Giorgio Morandi: Masterpieces from the Magnani-Rocca Foundation Estorick Collection London

Masterpieces from the Magnani-Rocca Foundation

To mark its 25th anniversary, the Estorick Collection is presenting an exhibition of works by the major 20th-century artist Giorgio Morandi (1890-1964).

This the first time, the entire Morandi collection from Italy’s Magnani-Rocca Foundation will be shown together in the UK. Featuring 50 works spanning the artist’s career, it includes oil paintings, watercolours, drawings and prints. The Estorick’s own collection of works by Morandi will also be on display at the museum. Giorgio Morandi: Masterpieces from the Magnani- Rocca Foundation runs from 6 January until 30 April 2023.

Best known for his spare and enigmatic still lifes depicting vases, bottles and flowers, as well as paintings of landscapes located close to his home in Bologna, Morandi is today widely considered to be one of the most significant figures of modern Italian art – and certainly one of the most beloved. Often described as something of a recluse, he was in fact at the centre of contemporary artistic debate and actively engaged with many of the most important national trends and movements of his day, from Futurism to Metaphysical Art. He subsequently went on to develop a distinctive mature style, renowned for its masterful treatment of light, exquisite tonal subtleties and frequent exploration of the boundaries between abstract and figurative imagery.

Estoric Morandi
Still Life, 1936 Natura Morta Fondazione Magnani-Rocca © DACS 2022

The musicologist, collector, art critic and entrepreneur Luigi Magnani (1906-1984) was one of Morandi’s most prominent patrons and a close personal friend. Having first seen his work at an important retrospective organised as part of the Rome Quadriennale of 1939, he was introduced to the artist the following year by the critic Cesare Brandi, who was a mutual friend. Brandi later observed: “The collection of works by Morandi belonging to Luigi Magnani can boast, first and foremost, of having been entirely constructed during the painter’s lifetime and of being born of the friendship that bound them together, [a significant fact] for those who know how carefully Morandi chose the recipients of his works.”

The first pieces acquired by Magnani were three etchings given to him by the artist shortly after their first encounter, including Flowers in a Small White Vase (1928) and Zinnias in a Vase (1932). Over the following 20 years, Magnani went on to buy directly from the artist, acquiring works spanning Morandi’s entire career. The collection includes a rare self portrait, and a mysterious Metaphysical Still Life of 1918, as well as other rarities such as Still Life with Musical Instruments (1941), the only painting Morandi made to commission. In addition to a selection of seldom seen still lifes, the collection also includes several landscapes, one of which depicts the view from the artist’s studio, and views of Grizzana in the Apennine Mountains where he spent his summer holidays. Several drawings and watercolours will also be on display – all of which are masterpieces of concision – alongside a significant number of the artist’s etchings. With their extraordinary ability to capture nuances of tone, light and shade, the latter demonstrate his mastery of the medium of printmaking, which he taught for several years at Bologna’s Academy of Fine Arts.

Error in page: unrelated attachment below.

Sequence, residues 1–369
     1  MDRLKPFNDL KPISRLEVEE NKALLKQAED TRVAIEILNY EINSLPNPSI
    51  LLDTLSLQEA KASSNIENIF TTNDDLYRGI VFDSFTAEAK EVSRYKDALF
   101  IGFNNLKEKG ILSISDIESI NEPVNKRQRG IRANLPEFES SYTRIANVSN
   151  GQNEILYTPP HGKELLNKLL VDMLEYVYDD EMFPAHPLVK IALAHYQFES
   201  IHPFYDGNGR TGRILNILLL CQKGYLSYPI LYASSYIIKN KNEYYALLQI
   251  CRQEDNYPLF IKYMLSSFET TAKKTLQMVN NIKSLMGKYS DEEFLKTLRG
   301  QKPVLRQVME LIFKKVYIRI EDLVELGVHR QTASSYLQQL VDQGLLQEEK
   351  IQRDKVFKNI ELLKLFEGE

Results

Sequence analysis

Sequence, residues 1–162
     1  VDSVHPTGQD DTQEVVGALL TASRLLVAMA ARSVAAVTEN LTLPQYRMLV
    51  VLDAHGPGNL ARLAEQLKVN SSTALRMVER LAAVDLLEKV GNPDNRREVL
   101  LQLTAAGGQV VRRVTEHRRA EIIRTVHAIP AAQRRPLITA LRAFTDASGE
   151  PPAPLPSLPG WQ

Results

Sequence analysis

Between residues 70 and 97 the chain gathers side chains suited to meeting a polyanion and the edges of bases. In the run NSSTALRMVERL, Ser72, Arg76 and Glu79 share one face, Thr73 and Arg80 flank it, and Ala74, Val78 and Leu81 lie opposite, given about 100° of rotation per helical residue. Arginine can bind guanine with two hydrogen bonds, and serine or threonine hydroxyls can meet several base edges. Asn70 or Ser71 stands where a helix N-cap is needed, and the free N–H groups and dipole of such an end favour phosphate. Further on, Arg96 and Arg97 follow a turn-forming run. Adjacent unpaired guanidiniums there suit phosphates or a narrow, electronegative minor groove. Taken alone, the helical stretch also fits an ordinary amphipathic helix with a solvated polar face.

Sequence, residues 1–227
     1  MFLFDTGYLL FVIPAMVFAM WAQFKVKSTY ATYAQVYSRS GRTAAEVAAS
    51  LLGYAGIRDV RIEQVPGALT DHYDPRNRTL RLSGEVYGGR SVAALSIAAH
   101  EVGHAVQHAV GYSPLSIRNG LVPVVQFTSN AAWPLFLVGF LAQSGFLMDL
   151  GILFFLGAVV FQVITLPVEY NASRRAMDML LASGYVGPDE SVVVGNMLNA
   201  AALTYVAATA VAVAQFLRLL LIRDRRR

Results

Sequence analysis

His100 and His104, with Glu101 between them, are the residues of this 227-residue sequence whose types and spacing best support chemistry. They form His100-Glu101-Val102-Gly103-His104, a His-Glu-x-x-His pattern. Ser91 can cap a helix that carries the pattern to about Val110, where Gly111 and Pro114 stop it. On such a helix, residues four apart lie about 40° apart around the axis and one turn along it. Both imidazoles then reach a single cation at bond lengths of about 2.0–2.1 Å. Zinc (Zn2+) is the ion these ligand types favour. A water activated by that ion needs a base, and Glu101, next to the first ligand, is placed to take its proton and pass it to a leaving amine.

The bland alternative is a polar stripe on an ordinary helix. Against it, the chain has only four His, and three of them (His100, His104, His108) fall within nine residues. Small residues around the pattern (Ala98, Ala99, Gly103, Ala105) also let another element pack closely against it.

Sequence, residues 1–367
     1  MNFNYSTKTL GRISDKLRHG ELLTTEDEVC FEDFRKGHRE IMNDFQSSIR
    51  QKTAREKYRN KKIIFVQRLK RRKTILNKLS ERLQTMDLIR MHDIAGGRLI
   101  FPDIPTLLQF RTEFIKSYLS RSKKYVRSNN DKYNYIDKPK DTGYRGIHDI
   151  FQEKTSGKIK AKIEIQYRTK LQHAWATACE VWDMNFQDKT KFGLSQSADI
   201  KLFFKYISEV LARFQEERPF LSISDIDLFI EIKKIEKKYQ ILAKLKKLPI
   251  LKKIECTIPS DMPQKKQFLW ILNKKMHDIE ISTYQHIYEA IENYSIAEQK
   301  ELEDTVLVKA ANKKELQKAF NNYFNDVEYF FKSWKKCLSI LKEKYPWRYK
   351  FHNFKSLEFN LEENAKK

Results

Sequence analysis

The Magnani-Rocca Foundation was established in 1977 by Luigi Magnani in memory of his father Giuseppe and his mother Donna Eugenia Rocca. Luigi Magnani donated the Villa in Mamiano di Traversetolo (Parma) to the Foundation; it opened as a museum in 1990 to house his collections of art and furniture, with a mission to ‘promote the dissemination of culture and art intended as tools for the growth of civil society’.

The Estorick Collection of Modern Italian Art is internationally renowned for its core of Futurist works. It comprises some 120 paintings, drawings, watercolours, prints and sculptures by many of the most prominent Italian artists of the modernist era. There are six galleries, two of which are used for temporary exhibitions. Since opening in 1998, the Estorick has established a reputation and gained critical acclaim as a key venue for bringing Italian art to the British public.

Masterpieces from the Magnani-Rocca Foundation Estorick Collection of Modern Italian Art, London, N1 6 January – 28 May 2023 Estorick Collection of Modern Italian Art | 39a Canonbury Square | London N1 2AN

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